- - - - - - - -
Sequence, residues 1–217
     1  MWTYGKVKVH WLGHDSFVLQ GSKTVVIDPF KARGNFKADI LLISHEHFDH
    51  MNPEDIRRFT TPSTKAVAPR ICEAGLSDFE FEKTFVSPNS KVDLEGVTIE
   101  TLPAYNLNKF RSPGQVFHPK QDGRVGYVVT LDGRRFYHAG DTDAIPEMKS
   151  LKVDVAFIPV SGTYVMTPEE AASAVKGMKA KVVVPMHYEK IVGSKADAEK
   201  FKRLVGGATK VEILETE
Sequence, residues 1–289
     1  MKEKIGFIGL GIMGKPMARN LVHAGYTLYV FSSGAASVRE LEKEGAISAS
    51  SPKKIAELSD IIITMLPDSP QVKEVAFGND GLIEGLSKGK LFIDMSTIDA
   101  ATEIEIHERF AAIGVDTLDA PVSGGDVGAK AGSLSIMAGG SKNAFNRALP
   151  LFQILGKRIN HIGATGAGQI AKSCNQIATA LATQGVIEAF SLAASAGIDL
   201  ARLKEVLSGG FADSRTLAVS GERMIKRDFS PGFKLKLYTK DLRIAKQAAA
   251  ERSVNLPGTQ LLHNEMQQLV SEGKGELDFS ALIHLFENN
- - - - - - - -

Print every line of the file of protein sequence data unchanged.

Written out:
Sequence, residues 1–217
     1  MWTYGKVKVH WLGHDSFVLQ GSKTVVIDPF KARGNFKADI LLISHEHFDH
    51  MNPEDIRRFT TPSTKAVAPR ICEAGLSDFE FEKTFVSPNS KVDLEGVTIE
   101  TLPAYNLNKF RSPGQVFHPK QDGRVGYVVT LDGRRFYHAG DTDAIPEMKS
   151  LKVDVAFIPV SGTYVMTPEE AASAVKGMKA KVVVPMHYEK IVGSKADAEK
   201  FKRLVGGATK VEILETE
Sequence, residues 1–289
     1  MKEKIGFIGL GIMGKPMARN LVHAGYTLYV FSSGAASVRE LEKEGAISAS
    51  SPKKIAELSD IIITMLPDSP QVKEVAFGND GLIEGLSKGK LFIDMSTIDA
   101  ATEIEIHERF AAIGVDTLDA PVSGGDVGAK AGSLSIMAGG SKNAFNRALP
   151  LFQILGKRIN HIGATGAGQI AKSCNQIATA LATQGVIEAF SLAASAGIDL
   201  ARLKEVLSGG FADSRTLAVS GERMIKRDFS PGFKLKLYTK DLRIAKQAAA
   251  ERSVNLPGTQ LLHNEMQQLV SEGKGELDFS ALIHLFENN